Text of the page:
Phenomenological constraints: a problem for radical enactivism


Authors
Michael Roberts
University of Birmingham
Abstract
This paper does two things. Firstly, it clarifies the way that phenomenological data is meant to constrain cognitive science according to enactivist thinkers. Secondly, it points to inconsistencies in the ‘Radical Enactivist’ handling of this issue, so as to explicate the commitments that enactivists need to make in order to tackle the explanatory gap. I begin by sketching the basic features of enactivism in sections 1–2, focusing upon enactive accounts of perception. I suggest that enactivist ideas here rely heavily upon the endorsement of a particular explanatory constraint that I call the structural resemblance constraint, according to which the structure of our phenomenology ought to be mirrored in our cognitive science. Sections 3–5 delineate the nature of, and commitment to, SRC amongst enactivists, showing SRC’s warrant and implications. The paper then turns to Hutto and Myin’s handling of SRC in sections 6–7, highlighting irregularities within their programme for Radical Enactivism on this issue. Despite seeming to favour SRC, I argue that Radical Enactivism’s purported compatibility with the narrow supervenience of perceptual experience is in fact inconsistent with SRC, given Hutto and Myin’s phenomenological commitments. I argue that enactivists more broadly ought to resist such a concessionary position if they wish to tackle the explanatory gap, for it is primarily the abidance to SRC that ensures progress is made here. Section 8 then concludes the paper with a series of open questions to enactivists, inviting further justification of the manner in which they apply SRC.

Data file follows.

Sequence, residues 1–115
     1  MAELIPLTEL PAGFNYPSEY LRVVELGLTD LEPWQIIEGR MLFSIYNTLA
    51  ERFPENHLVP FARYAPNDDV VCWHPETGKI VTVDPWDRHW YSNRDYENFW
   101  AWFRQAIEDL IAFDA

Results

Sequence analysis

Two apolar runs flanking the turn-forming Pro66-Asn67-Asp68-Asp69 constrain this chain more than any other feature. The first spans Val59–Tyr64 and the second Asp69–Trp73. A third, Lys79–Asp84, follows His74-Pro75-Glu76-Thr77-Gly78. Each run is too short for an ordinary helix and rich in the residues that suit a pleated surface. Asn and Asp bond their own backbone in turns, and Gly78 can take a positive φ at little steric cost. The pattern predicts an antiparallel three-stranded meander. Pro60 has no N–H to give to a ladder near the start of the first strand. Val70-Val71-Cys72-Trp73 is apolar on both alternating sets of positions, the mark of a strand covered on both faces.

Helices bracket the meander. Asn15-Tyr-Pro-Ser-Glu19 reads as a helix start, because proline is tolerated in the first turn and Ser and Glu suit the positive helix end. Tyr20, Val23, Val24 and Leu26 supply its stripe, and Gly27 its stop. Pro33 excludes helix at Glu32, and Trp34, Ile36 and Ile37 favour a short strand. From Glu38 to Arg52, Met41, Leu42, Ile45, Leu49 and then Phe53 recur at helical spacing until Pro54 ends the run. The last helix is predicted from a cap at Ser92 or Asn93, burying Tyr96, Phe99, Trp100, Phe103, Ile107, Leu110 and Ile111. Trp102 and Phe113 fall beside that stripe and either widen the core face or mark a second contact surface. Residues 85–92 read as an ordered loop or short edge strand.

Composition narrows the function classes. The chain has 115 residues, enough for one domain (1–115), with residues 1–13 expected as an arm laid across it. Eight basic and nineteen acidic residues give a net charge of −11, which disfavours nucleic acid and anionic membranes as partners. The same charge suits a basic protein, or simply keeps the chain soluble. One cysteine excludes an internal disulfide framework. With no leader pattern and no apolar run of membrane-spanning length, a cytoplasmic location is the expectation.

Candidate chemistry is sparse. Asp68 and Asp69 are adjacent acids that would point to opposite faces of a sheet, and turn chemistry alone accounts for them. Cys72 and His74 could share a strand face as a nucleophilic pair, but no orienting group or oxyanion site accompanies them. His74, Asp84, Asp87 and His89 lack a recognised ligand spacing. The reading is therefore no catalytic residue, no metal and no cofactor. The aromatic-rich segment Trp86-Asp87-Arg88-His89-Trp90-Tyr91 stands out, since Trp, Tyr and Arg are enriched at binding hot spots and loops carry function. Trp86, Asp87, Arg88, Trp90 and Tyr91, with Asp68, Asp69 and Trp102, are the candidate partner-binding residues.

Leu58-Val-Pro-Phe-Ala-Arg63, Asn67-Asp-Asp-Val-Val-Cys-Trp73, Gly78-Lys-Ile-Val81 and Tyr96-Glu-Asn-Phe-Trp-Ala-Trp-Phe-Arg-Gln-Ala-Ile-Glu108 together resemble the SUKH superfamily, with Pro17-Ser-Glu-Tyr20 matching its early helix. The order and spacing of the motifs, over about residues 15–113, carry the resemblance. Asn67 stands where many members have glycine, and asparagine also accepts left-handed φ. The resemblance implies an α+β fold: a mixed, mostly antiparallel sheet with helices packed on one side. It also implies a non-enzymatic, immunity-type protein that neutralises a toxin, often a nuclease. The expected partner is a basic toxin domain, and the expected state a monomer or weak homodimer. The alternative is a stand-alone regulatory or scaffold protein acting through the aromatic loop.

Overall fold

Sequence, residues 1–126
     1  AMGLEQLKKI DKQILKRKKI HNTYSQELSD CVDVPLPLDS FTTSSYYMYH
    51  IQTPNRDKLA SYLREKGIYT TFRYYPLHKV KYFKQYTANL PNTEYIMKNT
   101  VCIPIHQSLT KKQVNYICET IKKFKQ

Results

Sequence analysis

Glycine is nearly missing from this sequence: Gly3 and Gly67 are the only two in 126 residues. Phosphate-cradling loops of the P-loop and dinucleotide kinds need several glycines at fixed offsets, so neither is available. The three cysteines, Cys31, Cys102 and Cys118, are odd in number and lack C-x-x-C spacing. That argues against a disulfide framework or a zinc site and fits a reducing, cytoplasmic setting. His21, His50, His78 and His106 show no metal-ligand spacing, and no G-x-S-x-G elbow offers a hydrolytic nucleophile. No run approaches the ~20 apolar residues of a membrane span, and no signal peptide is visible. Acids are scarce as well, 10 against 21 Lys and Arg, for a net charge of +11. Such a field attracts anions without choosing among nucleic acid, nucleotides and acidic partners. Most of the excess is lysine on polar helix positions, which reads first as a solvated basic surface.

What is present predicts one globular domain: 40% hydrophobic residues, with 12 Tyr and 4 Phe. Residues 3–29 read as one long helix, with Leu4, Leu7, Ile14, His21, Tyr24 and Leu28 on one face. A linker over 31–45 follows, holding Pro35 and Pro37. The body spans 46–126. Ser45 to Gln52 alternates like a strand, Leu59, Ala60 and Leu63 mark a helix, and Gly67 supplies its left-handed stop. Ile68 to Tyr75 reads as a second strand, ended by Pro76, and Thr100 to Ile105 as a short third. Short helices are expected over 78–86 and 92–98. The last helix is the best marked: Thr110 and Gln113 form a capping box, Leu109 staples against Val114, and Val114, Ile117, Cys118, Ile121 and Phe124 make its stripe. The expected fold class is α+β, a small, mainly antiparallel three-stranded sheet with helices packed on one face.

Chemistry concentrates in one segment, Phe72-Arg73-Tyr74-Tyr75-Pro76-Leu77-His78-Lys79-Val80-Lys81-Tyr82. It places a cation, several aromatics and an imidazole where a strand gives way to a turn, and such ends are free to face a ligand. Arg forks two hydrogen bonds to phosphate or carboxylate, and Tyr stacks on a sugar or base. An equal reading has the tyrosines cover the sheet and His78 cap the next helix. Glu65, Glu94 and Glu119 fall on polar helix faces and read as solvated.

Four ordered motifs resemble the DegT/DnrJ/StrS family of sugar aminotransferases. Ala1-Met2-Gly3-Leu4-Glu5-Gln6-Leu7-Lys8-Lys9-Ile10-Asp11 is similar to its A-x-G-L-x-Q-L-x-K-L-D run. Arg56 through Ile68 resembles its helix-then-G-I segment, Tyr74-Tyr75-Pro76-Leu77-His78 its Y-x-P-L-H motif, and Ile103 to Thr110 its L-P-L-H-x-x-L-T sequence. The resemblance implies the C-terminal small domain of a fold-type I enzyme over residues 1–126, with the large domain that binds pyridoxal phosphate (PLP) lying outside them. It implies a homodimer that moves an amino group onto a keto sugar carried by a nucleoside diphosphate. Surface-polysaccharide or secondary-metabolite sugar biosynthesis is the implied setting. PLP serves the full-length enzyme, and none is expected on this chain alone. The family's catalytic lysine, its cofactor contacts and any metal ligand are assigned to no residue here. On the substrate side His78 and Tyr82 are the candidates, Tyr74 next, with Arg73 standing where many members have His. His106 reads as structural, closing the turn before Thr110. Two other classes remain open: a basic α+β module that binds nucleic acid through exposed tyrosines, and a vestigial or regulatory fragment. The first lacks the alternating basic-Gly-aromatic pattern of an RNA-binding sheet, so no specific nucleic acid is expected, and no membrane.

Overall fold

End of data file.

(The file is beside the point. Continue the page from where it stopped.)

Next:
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DOI 10.1007/s11097-017-9511-5
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